Minor injuries, such as mild sprains and strains, can often be initially treated at home using PRICE therapy for two or three days.
PRICE stands for protection, rest, ice, compression and elevation.
- Protection – protect the affected area from further injury – for example, by using a support.
- Rest – avoid exercise and reduce your daily physical activity. Using crutches or a walking stick may help if you can't put weight on your ankle or knee. A sling may help if you've injured your shoulder.
- Ice – apply an ice pack to the affected area for 15-20 minutes every two to three hours. A bag of frozen peas, or similar, will work well. Wrap the ice pack in a towel so that it doesn't directly touch your skin and cause an ice burn.
- Compression – use elastic compression bandages during the day to limit swelling.
- Elevation – keep the injured body part raised above the level of your heart whenever possible. This may also help reduce swelling.
Painkillers, such as paracetamol, can be used to help ease the pain.
Aspirin shouldn't be given to children under 16 years old.
Immobilisation can sometimes help prevent further damage by reducing movement. It can also reduce pain, muscle swelling and muscle spasm.
For example, slings, splints and casts may be used to immobilise injured arms, shoulders, wrists and legs while you heal.
If you have a sprain, prolonged immobilisation isn't usually necessary, and you should try gently moving the affected joint as soon as you're able to do so without experiencing significant pain.
Some people recovering from a long-term injury may benefit from physiotherapy.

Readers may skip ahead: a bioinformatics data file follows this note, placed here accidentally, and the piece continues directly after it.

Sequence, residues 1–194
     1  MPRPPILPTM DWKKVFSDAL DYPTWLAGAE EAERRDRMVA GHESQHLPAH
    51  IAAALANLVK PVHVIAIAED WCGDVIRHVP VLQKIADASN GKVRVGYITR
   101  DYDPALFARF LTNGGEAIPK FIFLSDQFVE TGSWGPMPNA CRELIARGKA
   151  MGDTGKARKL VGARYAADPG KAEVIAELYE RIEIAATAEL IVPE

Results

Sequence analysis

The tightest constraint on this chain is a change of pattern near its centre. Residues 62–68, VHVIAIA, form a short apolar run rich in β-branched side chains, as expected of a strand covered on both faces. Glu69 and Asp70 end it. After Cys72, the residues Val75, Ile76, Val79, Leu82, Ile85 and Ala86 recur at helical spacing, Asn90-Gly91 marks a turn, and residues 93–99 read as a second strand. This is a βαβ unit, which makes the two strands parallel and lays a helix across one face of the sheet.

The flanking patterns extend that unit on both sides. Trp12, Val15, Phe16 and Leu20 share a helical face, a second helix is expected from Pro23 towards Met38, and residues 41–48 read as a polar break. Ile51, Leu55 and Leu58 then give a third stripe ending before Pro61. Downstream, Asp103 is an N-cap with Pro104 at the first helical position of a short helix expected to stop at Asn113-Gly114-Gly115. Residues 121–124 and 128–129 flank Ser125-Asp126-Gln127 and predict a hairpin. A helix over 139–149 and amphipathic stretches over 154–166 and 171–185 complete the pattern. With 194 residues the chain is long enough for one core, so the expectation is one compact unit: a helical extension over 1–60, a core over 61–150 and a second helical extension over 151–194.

It's a specialist treatment where techniques such as massage, manipulation and exercises are used to improve range of motion, strengthen the surrounding muscles, and return the normal function of the injured area.
A physiotherapist can also develop an exercise programme to help strengthen the affected body part and reduce the risk of the injury recurring.
A corticosteroid injection may be recommended if you have severe or persistent inflammation.
It can help relieve pain caused by your injury, although for some people the pain relief is minimal or only lasts for a short period of time.
If necessary, a corticosteroid injection can be repeated, but you'll usually only be able to have two or three injections a year.
Side effects can include thinning of the skin, loss of fat, and infection. The doctor treating you will be able to explain the possible side effects in more detail.
Surgery and procedures
Most sports injuries don't require surgery, but very severe injuries such as badly broken bones may require corrective treatment. This may include a manipulation or surgery to fix the bones with wires, plates, screws or rods.
In some cases, it may be possible to realign displaced bones without needing an operation.
Certain other injuries may also occasionally require surgery. For example, an operation may be needed to repair a torn knee ligament.
Read more about knee ligament surgery.
Recovery from an injury
Depending on the type of injury you have, it can take a few weeks to a few months or more to make a full recovery.
You shouldn't return to your previous level of activity until you've fully recovered, but you should aim to gently start moving the injured body part as soon as possible.
Gentle exercises should help to improve the area’s range of movement. As movement becomes easier and the pain decreases, stretching and strengthening exercises can be introduced.
Make sure you don't try to do too much too quickly because this can delay recovery. Start by doing frequent repetitions of a few simple exercises before gradually increasing the amount you do.
In some cases, the help of a professional, such as a physiotherapist or sports injury specialist, may be beneficial. They can design a suitable recovery programme and advise you about the exercises you should do and the number of repetitions.